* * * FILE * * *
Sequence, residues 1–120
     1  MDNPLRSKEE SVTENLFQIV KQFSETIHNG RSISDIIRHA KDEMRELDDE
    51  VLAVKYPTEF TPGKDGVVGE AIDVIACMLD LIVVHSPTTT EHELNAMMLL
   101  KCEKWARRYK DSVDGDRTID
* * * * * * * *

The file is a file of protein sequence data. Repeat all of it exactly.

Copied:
Sequence, residues 1–120
     1  MDNPLRSKEE SVTENLFQIV KQFSETIHNG RSISDIIRHA KDEMRELDDE
    51  VLAVKYPTEF TPGKDGVVGE AIDVIACMLD LIVVHSPTTT EHELNAMMLL
   101  KCEKWARRYK DSVDGDRTID